Adobe Creative Cloud
In terms of learning new stuff, this has been and continues to be my biggest challenge! The interface for the Articulate products, I found very intuitive and similar to other software that I've used before. Totara is Moodle-based, so that wasn't so tricky either. Adobe is like nothing I've ever used before. It has been a huge learning curve.
I would say I've become fairly good with Lightroom, and now depend on that for a lot of photo enhancing. I've made a pretty good start with Illustrator, Animate and After Effects, and can do some pretty cool things with those. Photoshop still feels like a vast continent that I've landed on, and only explored the beach and immediate surroundings. In the next year, I must learn more about it and get into some of the really useful features. One of my colleagues is really good with it, so I'll tap into his knowledge.
Other bits 'n' bobs
As well as the software that actually enables me to do my job, we use various techie tools in the background and some of these were new to me.
When I first started, we used Slack as a communication tool to enable the team to message individually and as a group. I really liked it but then we switched to Microsoft Teams. At first, I wasn't that impressed but now that we have the ability to invite people outside our organisation to dial into meetings on it, I find it more useful. I also like the way it integrates with all the other Microsoft apps.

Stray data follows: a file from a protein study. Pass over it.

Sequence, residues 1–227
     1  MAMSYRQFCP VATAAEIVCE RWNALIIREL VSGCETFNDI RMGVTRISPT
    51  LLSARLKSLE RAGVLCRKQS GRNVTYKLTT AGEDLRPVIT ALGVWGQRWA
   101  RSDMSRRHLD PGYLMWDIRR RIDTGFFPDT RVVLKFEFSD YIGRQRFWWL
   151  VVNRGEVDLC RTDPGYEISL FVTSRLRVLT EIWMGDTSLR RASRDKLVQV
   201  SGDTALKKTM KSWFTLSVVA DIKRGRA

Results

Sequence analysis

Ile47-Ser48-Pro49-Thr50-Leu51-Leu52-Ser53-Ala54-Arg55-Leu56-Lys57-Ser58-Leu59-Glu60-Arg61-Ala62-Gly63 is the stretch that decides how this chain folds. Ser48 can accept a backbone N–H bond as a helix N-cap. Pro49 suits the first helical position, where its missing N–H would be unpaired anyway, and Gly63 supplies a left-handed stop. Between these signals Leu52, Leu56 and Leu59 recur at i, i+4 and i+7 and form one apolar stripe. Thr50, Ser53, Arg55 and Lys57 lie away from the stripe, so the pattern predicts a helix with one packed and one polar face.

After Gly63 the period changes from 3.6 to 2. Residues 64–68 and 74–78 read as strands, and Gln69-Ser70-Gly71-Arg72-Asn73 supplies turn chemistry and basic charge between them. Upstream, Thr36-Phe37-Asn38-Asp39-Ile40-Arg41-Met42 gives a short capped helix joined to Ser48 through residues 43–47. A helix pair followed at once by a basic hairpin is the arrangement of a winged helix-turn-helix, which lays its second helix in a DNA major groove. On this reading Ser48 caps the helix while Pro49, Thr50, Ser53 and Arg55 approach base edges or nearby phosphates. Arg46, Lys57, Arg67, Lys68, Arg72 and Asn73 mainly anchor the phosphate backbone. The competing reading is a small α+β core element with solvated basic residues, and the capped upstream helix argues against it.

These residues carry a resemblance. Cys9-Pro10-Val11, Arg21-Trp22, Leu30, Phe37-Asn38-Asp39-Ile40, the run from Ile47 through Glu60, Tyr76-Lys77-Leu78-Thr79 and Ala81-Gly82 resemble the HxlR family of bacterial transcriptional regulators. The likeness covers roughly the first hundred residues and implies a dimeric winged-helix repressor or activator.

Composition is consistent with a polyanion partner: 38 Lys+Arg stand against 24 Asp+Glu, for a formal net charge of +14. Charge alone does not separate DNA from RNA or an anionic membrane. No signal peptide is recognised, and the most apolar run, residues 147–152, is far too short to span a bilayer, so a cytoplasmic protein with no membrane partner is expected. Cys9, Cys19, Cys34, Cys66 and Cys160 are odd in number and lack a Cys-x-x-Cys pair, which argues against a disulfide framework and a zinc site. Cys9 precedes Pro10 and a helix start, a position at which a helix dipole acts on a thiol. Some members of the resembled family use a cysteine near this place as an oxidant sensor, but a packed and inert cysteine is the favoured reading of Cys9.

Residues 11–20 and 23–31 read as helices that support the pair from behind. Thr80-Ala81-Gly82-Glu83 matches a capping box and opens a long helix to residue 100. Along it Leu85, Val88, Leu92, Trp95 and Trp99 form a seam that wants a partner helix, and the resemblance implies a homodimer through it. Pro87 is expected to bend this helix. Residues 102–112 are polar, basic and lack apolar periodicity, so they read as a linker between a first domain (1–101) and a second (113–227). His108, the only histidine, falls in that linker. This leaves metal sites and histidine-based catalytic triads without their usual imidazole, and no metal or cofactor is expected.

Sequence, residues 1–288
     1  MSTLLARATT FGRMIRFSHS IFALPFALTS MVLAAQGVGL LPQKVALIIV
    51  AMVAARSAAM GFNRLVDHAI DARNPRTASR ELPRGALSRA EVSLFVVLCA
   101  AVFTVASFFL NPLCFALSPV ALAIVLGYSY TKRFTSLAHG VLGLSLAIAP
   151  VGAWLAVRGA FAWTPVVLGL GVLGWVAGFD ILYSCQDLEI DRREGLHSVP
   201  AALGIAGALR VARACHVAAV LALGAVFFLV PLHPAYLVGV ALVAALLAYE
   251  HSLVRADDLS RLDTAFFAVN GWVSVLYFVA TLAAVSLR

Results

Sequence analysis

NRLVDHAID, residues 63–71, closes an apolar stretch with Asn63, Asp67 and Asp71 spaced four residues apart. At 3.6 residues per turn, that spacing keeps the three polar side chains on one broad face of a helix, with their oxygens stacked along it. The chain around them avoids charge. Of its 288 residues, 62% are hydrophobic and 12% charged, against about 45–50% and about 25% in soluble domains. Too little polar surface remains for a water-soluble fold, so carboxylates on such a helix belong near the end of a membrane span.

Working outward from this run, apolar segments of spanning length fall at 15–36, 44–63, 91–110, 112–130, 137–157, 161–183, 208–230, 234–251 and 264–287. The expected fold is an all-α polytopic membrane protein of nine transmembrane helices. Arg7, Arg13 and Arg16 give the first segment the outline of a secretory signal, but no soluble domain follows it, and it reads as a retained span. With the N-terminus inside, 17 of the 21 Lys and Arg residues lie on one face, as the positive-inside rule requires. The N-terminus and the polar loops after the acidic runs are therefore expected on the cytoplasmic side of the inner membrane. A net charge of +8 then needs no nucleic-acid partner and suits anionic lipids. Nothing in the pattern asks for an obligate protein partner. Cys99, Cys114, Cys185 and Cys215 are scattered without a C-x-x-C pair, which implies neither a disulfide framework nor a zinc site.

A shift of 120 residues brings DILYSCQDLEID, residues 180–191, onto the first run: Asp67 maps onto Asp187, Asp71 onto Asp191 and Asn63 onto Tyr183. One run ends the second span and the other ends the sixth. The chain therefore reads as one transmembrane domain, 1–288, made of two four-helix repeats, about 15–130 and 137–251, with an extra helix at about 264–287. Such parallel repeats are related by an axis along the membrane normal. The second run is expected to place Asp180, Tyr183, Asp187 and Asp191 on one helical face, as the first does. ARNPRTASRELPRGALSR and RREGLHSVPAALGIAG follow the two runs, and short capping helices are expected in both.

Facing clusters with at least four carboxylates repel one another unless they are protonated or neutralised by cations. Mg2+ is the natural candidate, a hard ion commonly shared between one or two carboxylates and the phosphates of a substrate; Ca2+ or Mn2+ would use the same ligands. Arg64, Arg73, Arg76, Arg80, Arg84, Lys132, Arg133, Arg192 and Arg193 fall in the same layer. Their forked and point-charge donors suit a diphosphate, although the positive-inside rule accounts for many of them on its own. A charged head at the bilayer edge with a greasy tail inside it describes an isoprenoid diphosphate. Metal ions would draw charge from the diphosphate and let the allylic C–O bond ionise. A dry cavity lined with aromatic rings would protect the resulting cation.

Clockify is a more recent discovery. It's a way of measuring how much time you spend on different tasks. Because of the nature of the way we work, I find it really useful. What I like most, is being able to run reports that show exactly how much time I have spent working on a specific project, and then being able to compare that to the time originally allocated.
KeePass is a password manager. I tried it out a few months ago, and hated it. However, I stuck with it and now that I've got used to it, it's okay. The only thing is, you have to save the database somewhere and unless you save it in the cloud, you run the risk of suddenly needing a password and not having access to it. Once you're used to it though, it generates nice safe passwords but you only have to remember the one master password. Given the state of my memory these days, that can't be a bad thing!
Goals for next year
1. AT compliance - my next goal in this area, is in producing documents and particularly pdfs that can be read by screen readers. In an ideal world, I need to be able to take existing interactive pdfs and clean them up and make them work properly for JAWS users.
2. Photoshop - I would like to be able to use (with ease) the whole product. I know that is a huge ask, but a year is a long time, right? I can at least make some giant strides here.